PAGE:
Whenever my dog retrieves a quail, the first thing I do is palpate (“feel”) the crop.  Is it full, partially full, or mostly empty?  Then, when it comes time to clean the birds, I dissect any “good sized” crops to see what the daily diet consisted of.  Inquiring minds want to know.
 
meltonThus far I’ve found mostly empty crops, unless the birds had access to supplemental feed (i.e., milo).  So, what does the paucity of crop contents mean?  Are we on the verge of a “crop failure?”  Not necessarily.  I attribute the low volume of foods primarily to (a) unseasonably warm temperatures, and (b) a late killing frost (which impacts when broomweed and western ragweed drop their seeds).  Birds I’ve looked at thus far have been consuming more greens than I typically expect this early in the season.
 
As you do your own crop analyses, I’ll wager you’ll discover three things: (a) birds will be feeding much more in late-afternoon than during the morning, (b) birds taken the day after the cold front blows through will have fuller crops than those taken the day of the cold front, and (c) if you have both bobwhites and blue quail, the blues will always have 2-4X more seed volume than bobwhites will, regardless of the time of day you shoot them.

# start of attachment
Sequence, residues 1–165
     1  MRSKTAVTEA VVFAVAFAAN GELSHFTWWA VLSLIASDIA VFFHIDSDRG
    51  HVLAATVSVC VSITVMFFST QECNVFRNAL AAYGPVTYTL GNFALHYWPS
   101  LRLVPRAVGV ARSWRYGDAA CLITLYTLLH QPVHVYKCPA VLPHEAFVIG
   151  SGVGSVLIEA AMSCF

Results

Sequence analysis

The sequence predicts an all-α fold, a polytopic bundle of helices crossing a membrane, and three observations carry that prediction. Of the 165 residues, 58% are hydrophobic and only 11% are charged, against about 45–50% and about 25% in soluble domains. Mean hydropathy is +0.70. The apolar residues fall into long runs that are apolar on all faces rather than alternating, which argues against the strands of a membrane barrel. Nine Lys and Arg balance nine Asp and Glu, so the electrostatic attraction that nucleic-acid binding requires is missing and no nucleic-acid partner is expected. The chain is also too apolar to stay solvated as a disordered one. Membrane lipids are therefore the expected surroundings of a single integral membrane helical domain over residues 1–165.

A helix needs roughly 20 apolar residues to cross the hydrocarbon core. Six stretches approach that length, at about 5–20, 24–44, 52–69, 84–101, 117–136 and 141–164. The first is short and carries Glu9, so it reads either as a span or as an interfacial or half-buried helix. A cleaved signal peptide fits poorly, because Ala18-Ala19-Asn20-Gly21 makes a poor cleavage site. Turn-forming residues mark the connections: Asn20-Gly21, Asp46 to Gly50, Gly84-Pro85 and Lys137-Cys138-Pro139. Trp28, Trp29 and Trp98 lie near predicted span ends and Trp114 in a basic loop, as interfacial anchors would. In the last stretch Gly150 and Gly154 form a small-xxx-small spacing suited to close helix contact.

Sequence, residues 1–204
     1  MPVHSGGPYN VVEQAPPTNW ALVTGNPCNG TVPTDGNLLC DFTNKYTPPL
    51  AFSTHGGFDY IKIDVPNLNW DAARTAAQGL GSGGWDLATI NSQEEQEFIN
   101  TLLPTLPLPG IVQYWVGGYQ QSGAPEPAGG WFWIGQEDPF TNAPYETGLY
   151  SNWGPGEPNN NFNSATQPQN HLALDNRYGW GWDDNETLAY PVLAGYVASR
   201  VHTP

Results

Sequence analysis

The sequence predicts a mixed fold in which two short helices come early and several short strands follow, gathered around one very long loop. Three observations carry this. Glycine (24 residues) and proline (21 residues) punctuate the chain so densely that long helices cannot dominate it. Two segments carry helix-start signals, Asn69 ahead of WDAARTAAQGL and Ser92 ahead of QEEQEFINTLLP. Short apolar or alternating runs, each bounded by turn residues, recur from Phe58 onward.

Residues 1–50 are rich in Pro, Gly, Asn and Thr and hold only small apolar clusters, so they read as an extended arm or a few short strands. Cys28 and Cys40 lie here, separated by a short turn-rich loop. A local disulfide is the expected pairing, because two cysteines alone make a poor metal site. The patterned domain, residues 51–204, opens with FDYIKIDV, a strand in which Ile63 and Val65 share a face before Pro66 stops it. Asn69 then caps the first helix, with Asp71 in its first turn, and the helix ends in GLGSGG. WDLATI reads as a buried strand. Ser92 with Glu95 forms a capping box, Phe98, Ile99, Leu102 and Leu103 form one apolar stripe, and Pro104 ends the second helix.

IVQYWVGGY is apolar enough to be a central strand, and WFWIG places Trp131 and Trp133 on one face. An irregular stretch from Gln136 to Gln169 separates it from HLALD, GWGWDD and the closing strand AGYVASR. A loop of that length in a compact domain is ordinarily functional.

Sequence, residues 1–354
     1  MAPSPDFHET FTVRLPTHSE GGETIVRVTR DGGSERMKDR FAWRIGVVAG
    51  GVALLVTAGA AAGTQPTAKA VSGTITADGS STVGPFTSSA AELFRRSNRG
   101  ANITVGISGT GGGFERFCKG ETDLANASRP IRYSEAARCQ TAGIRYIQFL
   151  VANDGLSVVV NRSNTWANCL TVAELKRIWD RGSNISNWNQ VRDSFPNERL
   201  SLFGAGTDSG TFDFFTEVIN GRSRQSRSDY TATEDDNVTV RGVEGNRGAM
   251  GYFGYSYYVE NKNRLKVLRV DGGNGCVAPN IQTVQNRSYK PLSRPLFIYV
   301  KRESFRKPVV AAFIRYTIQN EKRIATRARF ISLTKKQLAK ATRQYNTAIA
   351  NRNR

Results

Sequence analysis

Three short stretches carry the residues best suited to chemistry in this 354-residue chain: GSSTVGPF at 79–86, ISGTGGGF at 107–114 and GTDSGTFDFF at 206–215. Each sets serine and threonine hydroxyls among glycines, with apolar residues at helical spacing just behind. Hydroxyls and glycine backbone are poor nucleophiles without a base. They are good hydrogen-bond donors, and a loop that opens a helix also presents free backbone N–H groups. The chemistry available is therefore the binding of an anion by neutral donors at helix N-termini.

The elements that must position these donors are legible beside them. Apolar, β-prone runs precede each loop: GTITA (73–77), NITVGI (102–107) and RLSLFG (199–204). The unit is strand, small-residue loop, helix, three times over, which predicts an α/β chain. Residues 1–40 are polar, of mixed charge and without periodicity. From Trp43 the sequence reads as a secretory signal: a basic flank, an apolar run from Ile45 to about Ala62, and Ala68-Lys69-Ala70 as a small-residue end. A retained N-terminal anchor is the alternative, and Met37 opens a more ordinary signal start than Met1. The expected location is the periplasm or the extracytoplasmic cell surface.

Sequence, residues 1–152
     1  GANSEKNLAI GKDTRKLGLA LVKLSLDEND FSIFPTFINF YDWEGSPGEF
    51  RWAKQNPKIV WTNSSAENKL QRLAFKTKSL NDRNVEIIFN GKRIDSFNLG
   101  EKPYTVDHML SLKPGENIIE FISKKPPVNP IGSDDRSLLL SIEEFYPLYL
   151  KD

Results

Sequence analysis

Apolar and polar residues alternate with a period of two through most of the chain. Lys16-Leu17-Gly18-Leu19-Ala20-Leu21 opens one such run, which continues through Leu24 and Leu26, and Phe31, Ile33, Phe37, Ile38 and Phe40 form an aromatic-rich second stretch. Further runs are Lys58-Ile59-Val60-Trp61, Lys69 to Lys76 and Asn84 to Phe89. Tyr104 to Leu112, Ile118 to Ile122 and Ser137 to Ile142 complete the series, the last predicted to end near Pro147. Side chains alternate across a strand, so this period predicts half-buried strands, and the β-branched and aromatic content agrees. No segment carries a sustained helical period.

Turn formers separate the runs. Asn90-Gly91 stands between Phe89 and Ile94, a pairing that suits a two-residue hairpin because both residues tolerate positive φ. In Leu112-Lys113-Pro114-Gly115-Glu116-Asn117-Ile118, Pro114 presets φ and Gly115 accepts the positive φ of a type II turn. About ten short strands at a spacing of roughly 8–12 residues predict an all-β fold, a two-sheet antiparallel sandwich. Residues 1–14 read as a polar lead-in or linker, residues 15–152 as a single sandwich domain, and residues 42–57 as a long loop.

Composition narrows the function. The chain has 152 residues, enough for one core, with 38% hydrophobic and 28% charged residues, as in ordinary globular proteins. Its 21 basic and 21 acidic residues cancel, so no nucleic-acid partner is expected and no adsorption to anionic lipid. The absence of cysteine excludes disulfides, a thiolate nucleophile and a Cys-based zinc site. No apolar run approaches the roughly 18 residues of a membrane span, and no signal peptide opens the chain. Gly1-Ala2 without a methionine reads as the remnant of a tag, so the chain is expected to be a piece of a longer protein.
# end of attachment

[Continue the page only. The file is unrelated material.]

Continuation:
As you come across seeds you can’t identify, take a close-up photo of the crop contents spread out on a paper plate (an iPhone does a nice job) and e-mail it to me at drollins@quailresearch.org.  If I don’t know them, I’ll share with my network of “Students of Quail.”
 
Crops_2As a reminder, RPQRR is soliciting crop contents of quail harvested across the Rolling Plains (TX & OK) in an attempt to compile a comprehensive seed collection of plants eaten by quail.  As you clean birds at the end of the day’s hunt, dissect out the crop and empty the contents into an empty shotgun shell box so they will dry out, then tape the seams with duct tape. Do not put them in a plastic bag as they will mold.  At the completion of your season send the box and contents to RPQRR, P.O. Box 220, Roby, TX.  The crop content analysis from these samples will constitute our “Seed Appreciation Day” next May.